The prior art waveform illustrates a request being received by memory controller hub at point A. At point B, the response is ready to be sent on the inbound link, which presently is in the L0s power state. The link starts the transition to L0 delaying the transmission of the response until point C.
In contrast, the claimed subject matter, represented in the lower waveform, sends the EW signal when the request arrives at point E. This signal causes the inbound link to begin the transition to L0 early, so that when the response is ready it is immediately sent at point G. This helps overlap link wakeup latency with response computation for the transaction that wakes the link up and reduces latency to sending response for that transaction.
In another embodiment, the idle timeout value is set based at least in part on comparing the difference between EW and response ready. For example, if the time between the EW signal and the response becoming ready is always greater than the L0s to L0 transition time, the proposed scheme removes all performance penalties of L0s on link wakeup. Therefore, this allows the idle timeout to be set very aggressively and causes the inbound link to spend most of its time in L0s with little performance impact.
In yet another embodiment, the L0s to L0 power state transition for the inbound link is delayed if the interval between the EW signal and the response becoming ready is very much greater than the L0s to L0 transition time. For example, in one embodiment, the L0s exit time is order of ˜30 ns; for a page miss transaction, the request to response time could be ˜50 ns. Therefore, if the response time is greater than L0s exit time by more than say few ns, such as, but not limited to 5 ns. In this case, we can delay the start of the link state transition until some time after the EW signal arrives. This allows keeping link in low power state as long as possible thereby saving power and also minimizing the latency to response optimizing performance. In the figure above this is represented by the delay between receiving the EW at E and starting the transition at point F so the link completes the transition just in time to send the response. However, the claimed subject matter is not limited to the previous values. For example, the page miss transaction time depends on the type of memory and memory architecture.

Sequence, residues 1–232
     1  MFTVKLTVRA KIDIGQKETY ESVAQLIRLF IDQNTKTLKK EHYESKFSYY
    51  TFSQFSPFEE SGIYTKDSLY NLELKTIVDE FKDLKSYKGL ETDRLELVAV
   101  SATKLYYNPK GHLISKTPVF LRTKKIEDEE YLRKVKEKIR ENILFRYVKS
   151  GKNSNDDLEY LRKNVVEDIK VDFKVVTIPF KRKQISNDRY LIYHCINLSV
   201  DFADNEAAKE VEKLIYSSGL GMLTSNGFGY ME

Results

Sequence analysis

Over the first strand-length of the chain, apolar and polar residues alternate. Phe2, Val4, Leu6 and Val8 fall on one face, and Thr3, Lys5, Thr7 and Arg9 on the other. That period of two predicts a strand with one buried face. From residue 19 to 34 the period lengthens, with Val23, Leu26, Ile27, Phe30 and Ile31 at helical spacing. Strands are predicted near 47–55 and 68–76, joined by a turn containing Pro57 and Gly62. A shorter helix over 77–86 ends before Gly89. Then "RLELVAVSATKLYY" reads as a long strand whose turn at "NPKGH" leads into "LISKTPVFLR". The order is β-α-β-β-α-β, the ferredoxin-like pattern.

As described above, the link needs to be idle for some amount of time (idle timeout) before returning to the L0s state. In yet another embodiment, one can opportunistically return the inbound link to L0s state after the current transmission if no additional requests have arrived in the interim. For example, when the inbound link is in L0s power state and a request is received at point E, a flag is set indicating an initial request has arrived. However, any subsequent response clears this flag. If the flag is still set at point G, this indicates the absence of any subsequent requests. Consequently, there is an absence of any responses to be transmitted. Therefore, one can transition the link immediately to the L0s state. In contrast, if the flag is cleared, then a response will be coming soon after the current one response. Therefore, one needs to wait for the normal idle timeout to move the inbound link back to L0s state. This helps transition link to low power state and maximize link sleep time when we have sporadic single requests waking the link up; If we don't do this, we would stay in L0 power state for the period of link idle timeout until we sense the link idle before transitioning it to L0s state again.
Also, the claimed subject matter may be implemented in software. For example, the software may be stored in an electronically-accessible medium that includes any mechanism that provides (i.e., stores and/or transmits) content (e.g., computer executable instructions) in a form readable by an electronic device (e.g., a computer, a personal digital assistant, a cellular telephone).For example, a machine-accessible medium includes read only memory (ROM); random access memory (RAM); magnetic disk storage media; optical storage media; flash memory devices; electrical, optical, acoustical or other form of propagated signals (e.g., carrier waves, infrared signals, digital signals).
While the invention has been described in terms of several embodiments of the invention, those of ordinary skill in the art will recognize that the invention is not limited to the embodiments of the invention described, but can be practiced with modification and alteration within the spirit and scope of the appended claims. The description is thus to be regarded as illustrative instead of limiting.